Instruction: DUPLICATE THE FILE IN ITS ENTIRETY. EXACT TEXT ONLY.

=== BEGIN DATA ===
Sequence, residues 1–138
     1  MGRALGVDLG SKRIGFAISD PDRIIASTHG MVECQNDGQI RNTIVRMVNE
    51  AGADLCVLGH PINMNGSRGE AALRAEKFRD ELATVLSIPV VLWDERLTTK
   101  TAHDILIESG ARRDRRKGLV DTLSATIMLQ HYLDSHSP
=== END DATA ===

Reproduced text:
Sequence, residues 1–138
     1  MGRALGVDLG SKRIGFAISD PDRIIASTHG MVECQNDGQI RNTIVRMVNE
    51  AGADLCVLGH PINMNGSRGE AALRAEKFRD ELATVLSIPV VLWDERLTTK
   101  TAHDILIESG ARRDRRKGLV DTLSATIMLQ HYLDSHSP